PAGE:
The poems of Catullus, tr. into Engl. verse, with notes by T. Martin

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Page 142 - Come, let us go while we are in our prime; And take the harmless folly of the time. We shall grow old apace, and die Before we know our liberty. Our life is short, and our days run As fast away as does the...
Page 184 - The whiles some one did chaunt this lovely lay; Ah! see, whoso fayre thing dost fain to see, In springing flower the image of thy day! Ah ! see the virgin rose, how sweetly she Doth first peep forth with bashful modesty, That fairer seems the less ye see her may! Lo! see soon after, how more bold and free Her bared bosom she doth broad display; Lo! see soon after, how she fades and falls away!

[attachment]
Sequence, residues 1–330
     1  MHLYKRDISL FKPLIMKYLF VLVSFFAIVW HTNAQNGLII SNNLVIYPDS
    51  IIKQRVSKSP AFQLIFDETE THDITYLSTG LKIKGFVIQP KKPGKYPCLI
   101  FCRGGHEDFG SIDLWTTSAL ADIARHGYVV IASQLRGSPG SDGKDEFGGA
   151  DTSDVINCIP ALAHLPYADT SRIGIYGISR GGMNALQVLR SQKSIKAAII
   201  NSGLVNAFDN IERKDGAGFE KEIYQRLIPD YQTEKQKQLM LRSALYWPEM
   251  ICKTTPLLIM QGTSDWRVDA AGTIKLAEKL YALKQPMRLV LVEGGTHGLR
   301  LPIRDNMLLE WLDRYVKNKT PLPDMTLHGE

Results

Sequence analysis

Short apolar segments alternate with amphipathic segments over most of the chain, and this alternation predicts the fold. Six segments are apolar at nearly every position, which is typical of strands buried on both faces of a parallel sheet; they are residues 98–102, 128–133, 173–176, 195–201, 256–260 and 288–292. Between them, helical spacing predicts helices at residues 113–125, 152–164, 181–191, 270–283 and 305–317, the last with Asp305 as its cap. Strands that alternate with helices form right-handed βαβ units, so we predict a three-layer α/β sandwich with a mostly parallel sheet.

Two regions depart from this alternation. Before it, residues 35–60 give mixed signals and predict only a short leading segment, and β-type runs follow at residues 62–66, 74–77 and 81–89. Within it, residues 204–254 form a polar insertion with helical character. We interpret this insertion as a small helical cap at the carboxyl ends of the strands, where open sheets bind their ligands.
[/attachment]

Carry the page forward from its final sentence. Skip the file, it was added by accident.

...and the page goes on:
Page 168 - And being ravish'd thus, Come, I will drink a tun To my Propertius. Now, to Tibullus next, This flood I drink to thee; — But stay, I see a text, That this presents to me. Behold! Tibullus lies Here burnt, whose small return Of ashes scarce suffice To fill a little urn. Trust to good verses then; They only will aspire, When pyramids, as men, Are lost i' th
Page 184 - Her bared bosom she doth broad display; Lo see soon after, how she fades, and falls away. So passeth, in the passing of a day, Of mortal life the leaf, the bud, the flower...
Page 181 - Tell me, ye merchants' daughters, did ye see So fair a creature in your town before...
Page 192 - And strike to dust the imperial towers of Troy; Steel could the works of mortal pride confound, And hew triumphal arches to the ground. What wonder then, fair nymph ! thy hairs should feel The conquering force of unresisted steel?
Page 203 - With Additions by Professors AGASSIZ, PIERCE, and GRAY; 12 Maps and Engravings on Steel, some Coloured, and copious Index.

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